While Queer Ontario supports a Pride Toronto conflict resolution process in principle, it cannot support an unelected decision-making body that is not at arms-length from either the Pride Toronto Board or the CAP – especially if this body is not consultative in nature, is not representative of Toronto’s LGBTQ communities, relies on questionable interpretations of laws and policies designed to undermine the freedom of expression enjoyed by all Canadians, and was chosen without any input whatsoever from the community. As in all other aspects of its operation, Pride Toronto should adopt a conflict resolution process that is based on empathy, diplomacy, consensus-building, community inclusion, representation, and engagement.

Indeed, Queer Ontario feels that, despite the claims being put forward by Pride Toronto, the DRP will operate as a de facto censor board, with the potential of inadvertently setting up a modern-day witch hunt that will pit community groups against one another and deny otherwise legitimate groups their legal right to free speech and expression. Rather than provide a safe space where LGBTQ community groups can openly and freely display the full spectrum of their gender identification, sexuality, and politics, the DRP will establish a mechanism that will allow groups to target one another with the aim of having so-called ‘controversial’ groups removed from the parade, and will conversely fail to protect these targeted groups from unwarranted attack – a completely demoralizing process. As such, we demand much more leadership and courage from Pride Toronto and ask that it instead take an unequivocal stance on the right of all LGBTQ community groups to participate in the Pride Festival, despite their politics or expression.

Queer Ontario urges Pride Toronto to dismantle this resolution process, to stop acquiescing to the pressures of the City of Toronto, and to publicly recognize all LGBTQ community groups as valid, and valued, participants in the Pride Parade – QuAIA, Kulanu, and  TNT!Men included – and to defend their right to be in the Pride Festival. To do so would mean that Pride Toronto is indeed committed to the often conflicting diversity of Toronto’s LGBTQ communities, and that it has the integrity and the courage to truly embrace and champion all of its constituent LGBTQ community groups.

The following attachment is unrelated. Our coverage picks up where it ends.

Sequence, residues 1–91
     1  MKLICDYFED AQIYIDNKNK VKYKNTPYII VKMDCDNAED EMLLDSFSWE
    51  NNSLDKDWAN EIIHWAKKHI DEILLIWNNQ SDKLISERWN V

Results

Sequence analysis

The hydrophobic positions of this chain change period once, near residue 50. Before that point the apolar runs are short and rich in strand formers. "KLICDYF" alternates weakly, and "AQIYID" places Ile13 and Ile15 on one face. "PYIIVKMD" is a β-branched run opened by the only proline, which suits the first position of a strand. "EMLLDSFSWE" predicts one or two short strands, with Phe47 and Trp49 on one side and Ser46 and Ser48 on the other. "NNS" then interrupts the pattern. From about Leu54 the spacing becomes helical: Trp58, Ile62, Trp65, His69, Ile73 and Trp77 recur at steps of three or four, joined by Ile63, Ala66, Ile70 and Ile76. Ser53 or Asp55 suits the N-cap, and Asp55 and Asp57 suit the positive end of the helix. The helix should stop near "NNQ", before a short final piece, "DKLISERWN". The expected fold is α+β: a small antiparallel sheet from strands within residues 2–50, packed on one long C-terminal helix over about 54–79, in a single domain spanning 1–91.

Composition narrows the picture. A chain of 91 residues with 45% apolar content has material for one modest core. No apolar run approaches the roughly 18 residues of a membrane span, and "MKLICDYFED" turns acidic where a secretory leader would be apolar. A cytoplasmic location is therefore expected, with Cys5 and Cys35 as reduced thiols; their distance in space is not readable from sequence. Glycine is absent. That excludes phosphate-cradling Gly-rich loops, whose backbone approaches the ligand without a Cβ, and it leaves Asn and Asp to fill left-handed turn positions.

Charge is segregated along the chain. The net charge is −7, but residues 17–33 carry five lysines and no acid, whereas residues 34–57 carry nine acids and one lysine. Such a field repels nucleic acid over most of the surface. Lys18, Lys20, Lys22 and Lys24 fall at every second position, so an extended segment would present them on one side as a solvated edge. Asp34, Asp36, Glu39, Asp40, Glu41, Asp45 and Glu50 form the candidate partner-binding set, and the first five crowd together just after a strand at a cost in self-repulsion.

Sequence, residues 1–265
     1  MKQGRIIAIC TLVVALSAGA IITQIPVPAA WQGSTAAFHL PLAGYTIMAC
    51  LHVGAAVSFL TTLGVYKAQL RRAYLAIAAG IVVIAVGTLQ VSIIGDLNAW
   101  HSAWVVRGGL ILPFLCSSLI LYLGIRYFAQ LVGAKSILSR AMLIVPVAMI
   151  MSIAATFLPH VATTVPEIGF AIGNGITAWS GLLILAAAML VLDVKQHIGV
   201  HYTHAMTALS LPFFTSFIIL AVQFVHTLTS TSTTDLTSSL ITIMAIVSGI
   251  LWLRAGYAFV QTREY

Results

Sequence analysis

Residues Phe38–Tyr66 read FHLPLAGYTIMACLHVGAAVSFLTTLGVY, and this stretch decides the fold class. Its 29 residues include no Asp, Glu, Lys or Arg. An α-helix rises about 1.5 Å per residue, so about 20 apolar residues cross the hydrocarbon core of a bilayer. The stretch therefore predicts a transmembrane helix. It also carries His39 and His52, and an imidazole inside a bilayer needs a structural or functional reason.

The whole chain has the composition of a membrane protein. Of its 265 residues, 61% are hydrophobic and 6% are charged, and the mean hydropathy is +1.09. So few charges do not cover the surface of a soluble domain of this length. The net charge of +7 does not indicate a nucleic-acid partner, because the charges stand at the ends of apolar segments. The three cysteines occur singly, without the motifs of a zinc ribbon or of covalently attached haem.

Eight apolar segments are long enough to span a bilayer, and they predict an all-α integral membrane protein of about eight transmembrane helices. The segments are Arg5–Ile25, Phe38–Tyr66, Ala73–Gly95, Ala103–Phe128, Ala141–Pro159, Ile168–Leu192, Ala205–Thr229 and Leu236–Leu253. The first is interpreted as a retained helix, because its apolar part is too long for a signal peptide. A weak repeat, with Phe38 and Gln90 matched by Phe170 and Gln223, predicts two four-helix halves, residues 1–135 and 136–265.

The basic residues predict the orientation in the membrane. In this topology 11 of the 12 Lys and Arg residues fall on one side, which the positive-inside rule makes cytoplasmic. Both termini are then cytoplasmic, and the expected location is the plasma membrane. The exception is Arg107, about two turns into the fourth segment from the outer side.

Queer Ontario is a provincially based network of individuals who are members of the gender and sexually diverse populations and their allies committed to liberationist and sex positive principles that focus on questioning, challenging and seeking reform to social norms and laws that regulate queer people. Queer Ontario engages in public education, political action, promoting access and diversity and coalition building.

Queer Ontarios own community report on Pride Toronto, drawn from the survey that it conducted earlier this year, will be released by the end of the month.


For more information, please contact:

Nick Mulé
Queer Ontario